When it comes to the topic of rising composers on the theatre scene today, it seems the name Scott Alan is on everybody’s lips. With the success of his debut album "Dreaming Wide Awake" under his piano bench, Scott has just released the impressive follow up “Keys”. I recently met up with the wickedly funny and terribly adorable Long Island native to discuss the album, dig up some dirt on the upcoming Birdland concert, and dish on his experiences working so closely with such Broadway divas as Shoshana Bean, Stephanie J. Block, and – at long last – yours truly.
Randy Rainbow: What was the inspiration for "Keys"?
Scott Alan: I originally wasn't even going to do a new album. But then I started writing a lot because I was in a relationship. I played a bunch of songs for my boyfriend at the time, who said, "You have about fifteen new songs here and I think they're all great. Why not just make a new CD?" So I did. I think "Dreaming Wide Awake" is definitely a reflection of where I was from ages 18 to 29. "Keys" - with the exception of four songs - is all stuff I've written this year.
So many of your songs are like mini three-act plays...
I call them "journal songs". The only way I know how to write in a journal is to write songs. I know there will be haters who hate that I write that way. But I figure, if they're hating, that means they're listening. So at least I've reached them somehow.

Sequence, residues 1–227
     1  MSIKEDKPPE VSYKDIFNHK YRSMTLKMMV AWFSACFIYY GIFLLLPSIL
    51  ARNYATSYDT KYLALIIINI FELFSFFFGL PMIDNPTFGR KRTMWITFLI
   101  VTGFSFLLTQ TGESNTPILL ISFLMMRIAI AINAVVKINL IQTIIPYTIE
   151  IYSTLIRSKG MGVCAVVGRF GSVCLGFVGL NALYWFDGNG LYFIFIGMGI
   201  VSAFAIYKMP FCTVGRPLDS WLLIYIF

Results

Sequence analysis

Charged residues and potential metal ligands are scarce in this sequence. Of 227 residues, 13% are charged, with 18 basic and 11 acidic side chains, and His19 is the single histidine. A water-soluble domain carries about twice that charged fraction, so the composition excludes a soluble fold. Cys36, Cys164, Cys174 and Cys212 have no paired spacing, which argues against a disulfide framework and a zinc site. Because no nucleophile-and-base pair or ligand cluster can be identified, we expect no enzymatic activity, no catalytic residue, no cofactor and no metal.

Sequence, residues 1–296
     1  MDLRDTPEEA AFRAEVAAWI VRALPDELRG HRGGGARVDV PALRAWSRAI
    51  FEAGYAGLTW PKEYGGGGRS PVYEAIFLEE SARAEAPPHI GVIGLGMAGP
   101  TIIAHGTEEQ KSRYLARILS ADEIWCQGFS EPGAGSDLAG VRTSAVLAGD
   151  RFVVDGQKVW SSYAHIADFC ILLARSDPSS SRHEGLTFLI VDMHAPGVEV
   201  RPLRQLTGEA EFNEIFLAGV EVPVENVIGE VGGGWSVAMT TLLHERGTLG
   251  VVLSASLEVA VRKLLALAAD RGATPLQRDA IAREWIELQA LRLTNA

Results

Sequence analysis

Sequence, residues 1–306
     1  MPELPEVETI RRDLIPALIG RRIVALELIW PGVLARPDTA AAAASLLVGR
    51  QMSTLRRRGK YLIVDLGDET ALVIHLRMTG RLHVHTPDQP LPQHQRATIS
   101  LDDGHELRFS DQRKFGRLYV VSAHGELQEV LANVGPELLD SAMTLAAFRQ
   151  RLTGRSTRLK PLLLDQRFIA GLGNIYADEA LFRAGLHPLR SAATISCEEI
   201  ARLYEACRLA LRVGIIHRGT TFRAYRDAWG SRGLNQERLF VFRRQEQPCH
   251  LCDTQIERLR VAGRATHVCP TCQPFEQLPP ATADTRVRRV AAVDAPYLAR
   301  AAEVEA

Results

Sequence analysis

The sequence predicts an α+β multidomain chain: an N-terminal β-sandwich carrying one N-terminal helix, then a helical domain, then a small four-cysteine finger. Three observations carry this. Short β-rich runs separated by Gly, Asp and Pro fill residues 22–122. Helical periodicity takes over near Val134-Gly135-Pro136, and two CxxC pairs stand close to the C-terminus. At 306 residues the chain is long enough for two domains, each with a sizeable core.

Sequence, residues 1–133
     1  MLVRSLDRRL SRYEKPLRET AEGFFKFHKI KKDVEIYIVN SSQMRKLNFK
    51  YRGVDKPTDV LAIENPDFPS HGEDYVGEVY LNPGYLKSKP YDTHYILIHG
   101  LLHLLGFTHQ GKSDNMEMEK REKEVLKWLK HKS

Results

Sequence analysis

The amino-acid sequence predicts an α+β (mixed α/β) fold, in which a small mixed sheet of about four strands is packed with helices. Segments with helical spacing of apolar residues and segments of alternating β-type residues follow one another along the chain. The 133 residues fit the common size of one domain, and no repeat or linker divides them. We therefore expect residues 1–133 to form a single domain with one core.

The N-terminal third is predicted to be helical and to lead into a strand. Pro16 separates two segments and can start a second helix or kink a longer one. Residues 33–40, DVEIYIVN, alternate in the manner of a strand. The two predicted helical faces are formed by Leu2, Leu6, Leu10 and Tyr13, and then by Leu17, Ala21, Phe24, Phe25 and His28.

Come on... Don't you kind of hate the haters?
I don't need everyone to love what I write. I always say that success isn't built upon how far you come financially or how popular you are. To me, the first person ever to write me and tell me that I touched them with my music made me a success.
How often do you write with larger projects in mind?
I've been writing for the musical Piece, which is a project I've been working on for the past six years. But I'm not really like a lot of other composers. I write stories about the heart, and about family, and about the truth. I don't know that I could sit down and write a Betty Boop, or something like that. Obviously I'm a huge fan of Andrew Lippa's, and love that he can do that. It's just not where my strengths are.
"Piece" already has a large fan base, yet an official production has never been mounted. What's the deal?
Actually, we finally just signed to do a production of it. We've got an all-star cast lined up, and we're having our first read-through in two weeks.
Do you think it has the potential to be a commercial success?
It's a small show, but I think it could absolutely find commercial success through its soundtrack. I think it's pop formula. That's something that I pride myself on, though I'm sure there are some people who hate that about me. But back in the day, that's how it was. You'd always hear songs in theatrical shows that were played on the radio. I think there are at least two or three songs like that in Piece - "Home", for one.
Your fans seem to have a very personal and specific attachment to your music. Why do you think?